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Habitat Magazine Business of Management 2021

HABITAT

ARCHIVE ARTICLE

The Case of the Belching Boiler

A friend had called me to say that his building’s boiler was acting strangely and the building was losing heat and hot water. Could I come over and take a look? It being Saturday evening, naturally, I had nothing going on, so I strolled over and met my friend in his basement.

It wasn’t the boiler itself that was acting strangely, but rather the condensate receiver that fed it. The receiver is part of a system that includes a condensate pump, which is used to pump the condensate (water) from the radiators in the apartments. The condensate receiver works a lot like a toilet in reverse. As it becomes full, a float inside activates a pump and the water is pushed back into the boiler. At the discharge side of the pump, a one-way check valve prevents the water from backing out of the boiler when steam pressure starts to build.

My friend showed me the malfunctioning boiler. After it had run for a few minutes, all of a sudden water would come gushing out of the receiver’s air vent in a violent torrent. Spooked, the building residents had called in a contractor to assess the situation. What they needed, the contractor pronounced confidently, was a new, larger condensate receiver, to the tune of about $7,000. Needless to say, this was in the middle of the heating season, and my friend was under pressure to solve the problem ASAP. Like, immediately.

Nonetheless, he blanched at the prospect of spending seven grand on the boiler if he could avoid it, and decided a second opinion was needed – which is how I entered the picture. Once onsite, I inspected the boiler, the receiver, and some other equipment. I noticed nothing untoward, although it looked like some of the condensate pipe near the receiver was in the process of being replaced, probably because it had been leaking.

I asked him to show me the problem again. He turned on the boiler. We easily recreated the aforementioned torrent, and it was enough to frighten anyone into spending seven grand, or even more, simply to stop the gusher and bring back the heat and hot water.

A Vision Appears

There was just one problem – the contractor’s recommendation was absurd on its face. Yes, the receiver was on the small side, but it was handling only a small fraction of the condensate in the building. And it had operated without incident for the previous two or three years.

Something had changed, but I couldn’t figure out what. I paced the basement fruitlessly for a while until it became clear the answer was not going to come to me right away. As I was leaving, I told my friend to do nothing until I had had some more time to think.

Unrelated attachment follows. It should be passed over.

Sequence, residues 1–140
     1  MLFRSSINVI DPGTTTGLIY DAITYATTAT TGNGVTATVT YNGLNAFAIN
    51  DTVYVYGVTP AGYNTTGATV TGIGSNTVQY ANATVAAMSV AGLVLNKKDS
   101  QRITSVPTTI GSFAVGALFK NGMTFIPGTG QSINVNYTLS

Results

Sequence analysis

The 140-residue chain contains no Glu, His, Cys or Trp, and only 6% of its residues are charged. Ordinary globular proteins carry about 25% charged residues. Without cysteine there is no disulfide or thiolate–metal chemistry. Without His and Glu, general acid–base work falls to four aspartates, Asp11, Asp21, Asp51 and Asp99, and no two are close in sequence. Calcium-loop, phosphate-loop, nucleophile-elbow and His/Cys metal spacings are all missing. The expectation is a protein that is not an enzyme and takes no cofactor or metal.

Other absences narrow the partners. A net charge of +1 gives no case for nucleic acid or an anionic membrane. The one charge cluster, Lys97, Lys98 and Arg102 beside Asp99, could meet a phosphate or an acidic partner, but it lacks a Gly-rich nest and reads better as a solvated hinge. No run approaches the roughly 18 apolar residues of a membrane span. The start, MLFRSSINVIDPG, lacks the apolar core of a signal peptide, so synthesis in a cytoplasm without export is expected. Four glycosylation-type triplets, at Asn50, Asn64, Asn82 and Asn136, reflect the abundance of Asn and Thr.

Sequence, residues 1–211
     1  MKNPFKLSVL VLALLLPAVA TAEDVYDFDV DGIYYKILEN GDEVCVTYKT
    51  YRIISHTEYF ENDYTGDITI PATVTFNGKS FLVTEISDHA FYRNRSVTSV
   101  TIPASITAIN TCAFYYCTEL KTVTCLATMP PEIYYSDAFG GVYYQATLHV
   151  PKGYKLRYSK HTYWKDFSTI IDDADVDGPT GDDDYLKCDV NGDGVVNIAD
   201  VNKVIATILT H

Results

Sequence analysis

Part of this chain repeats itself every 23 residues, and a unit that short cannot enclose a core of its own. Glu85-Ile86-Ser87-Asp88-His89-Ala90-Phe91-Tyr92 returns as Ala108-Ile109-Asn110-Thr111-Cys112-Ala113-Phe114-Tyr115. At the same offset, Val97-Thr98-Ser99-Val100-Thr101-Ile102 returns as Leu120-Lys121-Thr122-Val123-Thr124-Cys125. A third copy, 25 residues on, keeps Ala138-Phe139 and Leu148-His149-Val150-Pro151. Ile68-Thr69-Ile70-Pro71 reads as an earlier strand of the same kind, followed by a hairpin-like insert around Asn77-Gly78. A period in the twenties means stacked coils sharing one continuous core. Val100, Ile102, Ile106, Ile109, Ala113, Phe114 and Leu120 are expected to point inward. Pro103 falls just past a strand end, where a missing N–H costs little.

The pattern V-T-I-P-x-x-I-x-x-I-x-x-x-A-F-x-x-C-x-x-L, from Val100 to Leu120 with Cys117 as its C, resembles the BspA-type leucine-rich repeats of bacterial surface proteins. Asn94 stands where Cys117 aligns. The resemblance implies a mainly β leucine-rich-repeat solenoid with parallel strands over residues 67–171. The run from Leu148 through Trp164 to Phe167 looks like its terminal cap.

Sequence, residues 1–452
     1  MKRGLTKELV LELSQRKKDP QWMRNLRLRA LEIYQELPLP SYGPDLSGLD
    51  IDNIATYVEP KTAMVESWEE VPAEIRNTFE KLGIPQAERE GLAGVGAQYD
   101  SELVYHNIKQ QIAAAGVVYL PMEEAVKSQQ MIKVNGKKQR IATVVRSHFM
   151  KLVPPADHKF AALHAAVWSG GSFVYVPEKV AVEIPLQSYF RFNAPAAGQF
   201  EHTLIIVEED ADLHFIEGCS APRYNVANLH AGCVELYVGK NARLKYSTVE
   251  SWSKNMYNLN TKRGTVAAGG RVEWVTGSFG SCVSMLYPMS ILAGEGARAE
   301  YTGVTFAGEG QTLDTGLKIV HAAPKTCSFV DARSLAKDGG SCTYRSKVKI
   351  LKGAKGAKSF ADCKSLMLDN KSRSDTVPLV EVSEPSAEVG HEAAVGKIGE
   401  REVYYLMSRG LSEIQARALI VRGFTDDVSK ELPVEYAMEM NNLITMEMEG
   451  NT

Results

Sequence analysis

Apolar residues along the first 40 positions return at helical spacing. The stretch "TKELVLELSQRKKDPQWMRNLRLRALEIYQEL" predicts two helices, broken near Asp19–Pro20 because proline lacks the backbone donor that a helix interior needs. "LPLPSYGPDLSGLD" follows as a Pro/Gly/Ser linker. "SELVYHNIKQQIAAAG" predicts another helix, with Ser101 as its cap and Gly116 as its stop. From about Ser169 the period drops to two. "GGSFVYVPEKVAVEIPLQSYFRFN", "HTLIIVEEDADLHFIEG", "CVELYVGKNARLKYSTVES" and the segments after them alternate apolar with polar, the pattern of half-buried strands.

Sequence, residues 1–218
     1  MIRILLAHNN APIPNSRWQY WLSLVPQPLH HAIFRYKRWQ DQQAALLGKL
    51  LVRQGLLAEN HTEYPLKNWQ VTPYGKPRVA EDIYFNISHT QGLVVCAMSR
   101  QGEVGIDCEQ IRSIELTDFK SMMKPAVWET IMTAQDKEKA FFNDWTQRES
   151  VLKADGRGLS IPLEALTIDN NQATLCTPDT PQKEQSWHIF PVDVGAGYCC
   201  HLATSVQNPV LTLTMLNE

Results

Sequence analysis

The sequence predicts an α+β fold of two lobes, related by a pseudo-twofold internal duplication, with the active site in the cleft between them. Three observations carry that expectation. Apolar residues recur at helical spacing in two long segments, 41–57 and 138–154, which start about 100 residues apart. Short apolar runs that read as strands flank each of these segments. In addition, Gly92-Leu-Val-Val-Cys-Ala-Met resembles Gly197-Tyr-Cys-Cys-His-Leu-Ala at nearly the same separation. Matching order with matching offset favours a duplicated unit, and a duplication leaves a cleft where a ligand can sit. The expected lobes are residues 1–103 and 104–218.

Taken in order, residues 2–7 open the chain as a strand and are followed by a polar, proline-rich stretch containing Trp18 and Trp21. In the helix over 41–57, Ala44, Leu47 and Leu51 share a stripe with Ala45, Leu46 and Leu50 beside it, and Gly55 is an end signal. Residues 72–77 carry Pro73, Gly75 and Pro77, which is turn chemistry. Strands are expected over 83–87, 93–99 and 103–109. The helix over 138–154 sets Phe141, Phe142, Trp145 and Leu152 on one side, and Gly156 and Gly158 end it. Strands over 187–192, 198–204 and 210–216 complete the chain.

When I arrived home, I retired to the smallest room, which is where I often do some of my best thinking. As I sat in contemplation, I slipped into something of a dreamlike state. Suddenly, a vision appeared in my mind and I knew exactly what had happened. I raced back to my friend’s building with the news, feeling a bit like Sherlock Holmes.

The problem was indeed in the condensate receiver, but not in the way the contractor imagined. As I said, the receiver works a lot like a toilet in reverse. At the discharge side of the pump, a one-way check valve prevents water from backing out of the boiler when steam pressure starts to build. It turned out that, during the condensate pipe replacement work, someone had inadvertently removed the existing check valve and neglected to reinstall it. Not surprising, really, considering what a tiny part it was, and that its function was probably unknown to the people performing the pipe work.

It’s also quite possible the contractor who recommended the unnecessary new/larger receiver sincerely believed he was making the right call. Nonetheless, the result probably would have been that, for $7,000, he would have installed the new receiver, complete with a new check valve, and the problem would have been solved, with everyone thinking that the “undersized” receiver was the culprit. No one would ever have known the difference.

Sure enough, when a check valve was re-installed, the problem was solved. And it didn’t cost seven grand. Elementary, my dear board member!

 

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